Even the greatest diva, the undisputed one, was under pressure to be within the standards required by the industry. Greta Lovisa Gustafsson, whom the world would come to know as Greta Garbo (1905-1990), “La Divina”, was born and raised in Sweden, and always knew she wanted to be an actress. She started by making advertisements and, at the age of 17, he was accepted into the Dramatic Theater Academy, where she met the first of her mentors, Mauritz Stiller. It was he who changed her name and he, too, who convinced her to lose nine kilos before offering her one of the main roles in his film The Saga of Gösta Berling (1924), who would eventually attract the attention of Louis B. Mayer, the MGM boss. The invitation to fly to Hollywood did not take long. Nor the message that Mayer left Stiller: "In America, we don't like fat women.” And so it was. Garbo started a spinach diet that lasted three weeks, lost the studio's intended weight, and became terribly ill. This new look, in which the curves were replaced by invisible lines that hid a body without energy or vitality, and in which the protruding cheekbones attracted the light from any angle, ended up remaining throughout her film career. She had what a journalist from The Guardian dubbed, for her centenary in 2005, “European ennui”, or European lethargy: “They had vamps, they had sex bombs, but they'd never had existential depression. ” Because what Garbo carried, first of all, was an invisible loneliness that not all retouching could hide. And it was this, more than anything else, that made the Swedish actress a legend beyond compare. 

Harlean Harlow Carpenter, or rather, Jean Harlow (1911-1937), was banned from getting married because becoming a "wife of" could interfere with the levels of her sex appeal. Due to a morality clause with MGM, the studio was able to oppose (read, forbid) her marriage to William Powell. And when the actress became pregnant with the "lover", everything was treated discreetly so that her abortion would pass unscathed in the public eye. "MGM had all kinds of penalty clauses with respect to its stars having children," revealed Ava Gardner (1922-1990) in her autobiography Ava: My Story (1990). If many agreed to abort, or even not to have children, Loretta Young (1913-2000), winner of the Oscar for Best Actress for her performance in The Farmer's Daughter (1947) went further: strict Catholic, she kept her pregnancy in secret, turned away from the spotlight and, later, adopted her biological daughter, who was after all the result of her (illegitimate) relationship with Clark Gable during the shooting of Call Of The Wild, in 1935. The truth was only known after her death, with the publication of her memoirs. Bullying? Harassment? Persecution? It is in the hands of each reader to decide. At the time, Hollywood was governed by a “work code” called the De Havilland Act, implemented in 1937. According to the rules explained therein, an actor's average contract lasted seven years, during which time he/she should act in any films the studio wanted. Studios, in turn, had the right to "lend" actors to competing studios without their consent or permission, sometimes as punishment or for "bad behavior" on the part of the actor. All casts were designed in a typical way. Appearance was extremely important. Weight maintenance was standard in any deal, from the main character to the extras. Physical fitness was strictly applied. What could not be resolved was changed surgically. “A star is made, created; built with care and cold-blooded out of thin air, ”said Louis B. Mayer. “All I ever looked for was a face. If someone looked good, I could try it out. If a person looked good in the film, if he photographed well, we could do the rest.”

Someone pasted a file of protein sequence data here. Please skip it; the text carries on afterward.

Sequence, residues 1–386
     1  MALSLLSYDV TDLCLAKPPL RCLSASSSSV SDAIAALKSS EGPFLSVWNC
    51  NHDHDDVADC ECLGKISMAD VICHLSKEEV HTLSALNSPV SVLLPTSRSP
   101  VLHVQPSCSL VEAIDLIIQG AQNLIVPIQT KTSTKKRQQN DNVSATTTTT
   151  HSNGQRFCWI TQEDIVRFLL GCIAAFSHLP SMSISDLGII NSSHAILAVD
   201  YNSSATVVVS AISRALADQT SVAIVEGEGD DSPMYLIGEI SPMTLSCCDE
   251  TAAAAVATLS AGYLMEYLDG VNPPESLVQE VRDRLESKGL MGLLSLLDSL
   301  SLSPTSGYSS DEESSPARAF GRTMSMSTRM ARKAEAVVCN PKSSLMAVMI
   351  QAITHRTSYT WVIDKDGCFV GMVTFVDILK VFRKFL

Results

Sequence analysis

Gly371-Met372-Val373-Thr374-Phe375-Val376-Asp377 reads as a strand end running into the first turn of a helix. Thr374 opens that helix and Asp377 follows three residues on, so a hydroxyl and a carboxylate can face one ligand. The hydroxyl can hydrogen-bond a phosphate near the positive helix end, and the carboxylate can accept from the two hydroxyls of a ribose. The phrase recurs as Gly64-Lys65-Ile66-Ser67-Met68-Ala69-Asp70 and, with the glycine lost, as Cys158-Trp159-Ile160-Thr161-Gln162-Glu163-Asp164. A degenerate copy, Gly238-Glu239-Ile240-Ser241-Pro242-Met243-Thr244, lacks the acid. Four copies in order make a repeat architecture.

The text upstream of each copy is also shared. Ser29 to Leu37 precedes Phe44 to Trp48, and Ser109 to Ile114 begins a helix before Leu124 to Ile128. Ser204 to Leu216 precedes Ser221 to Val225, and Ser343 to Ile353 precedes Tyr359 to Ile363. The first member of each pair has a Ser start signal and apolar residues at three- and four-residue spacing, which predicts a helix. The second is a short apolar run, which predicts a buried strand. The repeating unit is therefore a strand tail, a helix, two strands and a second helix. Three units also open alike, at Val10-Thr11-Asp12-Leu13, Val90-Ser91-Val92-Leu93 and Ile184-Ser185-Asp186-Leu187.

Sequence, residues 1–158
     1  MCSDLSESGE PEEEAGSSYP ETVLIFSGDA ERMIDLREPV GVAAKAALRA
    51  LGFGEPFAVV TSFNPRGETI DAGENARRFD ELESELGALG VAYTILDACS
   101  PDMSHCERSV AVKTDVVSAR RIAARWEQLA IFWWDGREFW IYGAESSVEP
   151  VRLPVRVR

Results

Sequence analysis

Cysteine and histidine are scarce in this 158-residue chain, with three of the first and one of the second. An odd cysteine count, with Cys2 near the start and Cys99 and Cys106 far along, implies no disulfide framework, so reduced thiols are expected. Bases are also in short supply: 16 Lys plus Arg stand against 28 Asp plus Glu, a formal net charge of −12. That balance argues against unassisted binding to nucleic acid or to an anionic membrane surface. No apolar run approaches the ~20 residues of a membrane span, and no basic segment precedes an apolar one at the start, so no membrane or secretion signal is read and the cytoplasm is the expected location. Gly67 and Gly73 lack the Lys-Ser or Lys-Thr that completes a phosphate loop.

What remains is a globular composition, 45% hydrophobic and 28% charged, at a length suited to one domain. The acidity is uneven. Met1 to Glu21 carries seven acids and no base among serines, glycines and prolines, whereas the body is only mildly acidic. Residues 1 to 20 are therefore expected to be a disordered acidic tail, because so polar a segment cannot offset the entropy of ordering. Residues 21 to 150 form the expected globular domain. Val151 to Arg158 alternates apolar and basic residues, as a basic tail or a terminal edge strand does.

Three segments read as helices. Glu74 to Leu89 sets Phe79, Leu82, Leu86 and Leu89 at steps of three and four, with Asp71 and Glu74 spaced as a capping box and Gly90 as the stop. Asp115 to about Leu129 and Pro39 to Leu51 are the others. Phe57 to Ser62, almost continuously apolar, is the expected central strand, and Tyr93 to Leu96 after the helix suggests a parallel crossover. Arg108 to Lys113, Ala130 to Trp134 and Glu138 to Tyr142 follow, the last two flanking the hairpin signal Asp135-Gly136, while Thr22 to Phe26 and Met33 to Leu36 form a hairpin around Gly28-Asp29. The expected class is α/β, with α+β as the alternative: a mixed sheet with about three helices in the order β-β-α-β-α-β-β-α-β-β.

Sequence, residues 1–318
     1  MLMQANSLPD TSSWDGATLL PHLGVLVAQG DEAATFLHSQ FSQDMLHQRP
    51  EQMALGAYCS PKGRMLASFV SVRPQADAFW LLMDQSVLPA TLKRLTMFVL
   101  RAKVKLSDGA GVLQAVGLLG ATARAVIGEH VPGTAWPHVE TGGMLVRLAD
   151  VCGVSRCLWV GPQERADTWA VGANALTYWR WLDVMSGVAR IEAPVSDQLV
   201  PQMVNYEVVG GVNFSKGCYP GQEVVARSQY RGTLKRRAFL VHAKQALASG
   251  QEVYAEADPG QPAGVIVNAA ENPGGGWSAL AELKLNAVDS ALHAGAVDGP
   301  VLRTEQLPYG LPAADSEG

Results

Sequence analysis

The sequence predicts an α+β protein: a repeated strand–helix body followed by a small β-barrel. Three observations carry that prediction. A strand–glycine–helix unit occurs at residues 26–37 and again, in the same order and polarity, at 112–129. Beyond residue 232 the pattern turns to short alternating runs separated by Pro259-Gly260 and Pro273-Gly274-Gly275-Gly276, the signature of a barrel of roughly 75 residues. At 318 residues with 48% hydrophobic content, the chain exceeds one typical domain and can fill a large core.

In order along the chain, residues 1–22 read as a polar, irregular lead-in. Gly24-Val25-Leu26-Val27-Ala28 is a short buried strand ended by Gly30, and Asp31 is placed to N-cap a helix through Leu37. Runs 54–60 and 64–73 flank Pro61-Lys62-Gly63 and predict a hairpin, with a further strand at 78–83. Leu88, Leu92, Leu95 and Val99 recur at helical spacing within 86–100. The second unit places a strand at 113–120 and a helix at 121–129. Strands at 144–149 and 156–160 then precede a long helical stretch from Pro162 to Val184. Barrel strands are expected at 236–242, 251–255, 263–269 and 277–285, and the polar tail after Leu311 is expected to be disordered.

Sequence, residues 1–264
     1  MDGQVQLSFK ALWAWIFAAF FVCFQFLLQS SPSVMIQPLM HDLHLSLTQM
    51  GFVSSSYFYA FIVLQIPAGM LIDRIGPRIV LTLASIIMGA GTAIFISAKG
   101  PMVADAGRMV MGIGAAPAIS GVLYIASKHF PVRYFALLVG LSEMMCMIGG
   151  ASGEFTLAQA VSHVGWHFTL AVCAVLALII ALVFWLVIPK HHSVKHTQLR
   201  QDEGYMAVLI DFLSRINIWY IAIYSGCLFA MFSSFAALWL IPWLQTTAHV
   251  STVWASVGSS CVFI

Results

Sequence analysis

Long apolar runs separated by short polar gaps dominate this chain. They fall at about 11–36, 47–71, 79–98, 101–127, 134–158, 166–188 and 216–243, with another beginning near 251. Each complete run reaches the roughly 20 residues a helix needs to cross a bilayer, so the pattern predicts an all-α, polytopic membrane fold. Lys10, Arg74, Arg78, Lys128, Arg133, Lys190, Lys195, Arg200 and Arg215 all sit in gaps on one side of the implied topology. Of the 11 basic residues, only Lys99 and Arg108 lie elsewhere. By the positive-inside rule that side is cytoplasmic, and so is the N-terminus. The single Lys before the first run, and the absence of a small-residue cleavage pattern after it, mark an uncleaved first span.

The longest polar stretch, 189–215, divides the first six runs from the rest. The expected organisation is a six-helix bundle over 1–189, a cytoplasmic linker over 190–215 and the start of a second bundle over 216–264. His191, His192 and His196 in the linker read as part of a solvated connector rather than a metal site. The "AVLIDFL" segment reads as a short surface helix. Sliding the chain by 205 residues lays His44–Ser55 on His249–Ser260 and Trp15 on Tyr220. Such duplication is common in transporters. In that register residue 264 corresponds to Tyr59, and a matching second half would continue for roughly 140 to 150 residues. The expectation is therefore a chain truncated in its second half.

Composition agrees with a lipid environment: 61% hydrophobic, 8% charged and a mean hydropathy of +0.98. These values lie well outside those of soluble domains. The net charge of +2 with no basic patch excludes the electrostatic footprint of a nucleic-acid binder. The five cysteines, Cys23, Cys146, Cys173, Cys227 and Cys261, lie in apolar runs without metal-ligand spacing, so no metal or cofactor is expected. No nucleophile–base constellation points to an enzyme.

For a long time it was a question almost as intermittent as the one that still surrounds her death: did Marilyn Monroe undergo plastic surgery? It is known that, just before turning 20, Norma Jean Baker, the Californian young woman of natural beauty who would become the most famous woman in the world, decided to dye her dark, long, curly hair into a sort of platinum blonde, in order to get more model jobs. The resolution paid off, as she was approached shortly after by a 20th Century Fox executive, who ended up offering her a six-month contract. In August 1946, she divorced (she had been married since 1942) to focus entirely on her acting career and became Marilyn Monroe. It was then that, like Rita Hayworth, she followed the aforementioned process of capillary electrolysis - not because it had Latin origins, but to change the shape of her face. And it was around that time, too, that anxiety attacks started, because Monroe was never enough... nothing. Alcohol, pills, despair. Despite being adored by a legion of fans who never stopped to grow, the artist lived in a constant struggle with herself. And with the demands of her "bosses." That is why the question of her alleged surgeries has never had an answer. Until 2013, when a “collection” with X-rays and personal notes from surgeon Michael Gurdin, from 1950-1962, arrived at Julien's Auction House. Yes, this means that someone, somewhere, acquired medical documents that belonged to the actress of Bus Stop (1956), namely those dating from June 7, 1962, just a week after her 36th birthday and two months before her death, and that reveal that Monroe (under the pseudonym "Joan Newman") had a cartilage implant done because of a "chin deformity" in 1950, while a facial X-ray shows that she also had a small nose fracture, which confirms suspicions that Marilyn had a small rhinoplasty early in her career. What does all this change about the myth? Strictly nothing. Because with or without the certainty of these interventions, Marilyn, or Norma, will always be Marilyn - and, we believe, increasingly Norma, because distance, and time, allow us to see us that her shine was there, from the beginning, with or without any extreme makeover. Like Barbra Streisand, the woman who refused to change her nose and became the exception to the rule, destroying the old belief that in Hollywood only those who had “the whole package” could succeed. After Streisand, talent became the most precious ingredient of the package.

Originally published on Vogue Portugal November issue, "The Beauty of Imperfection."


Ana Murcho By Ana Murcho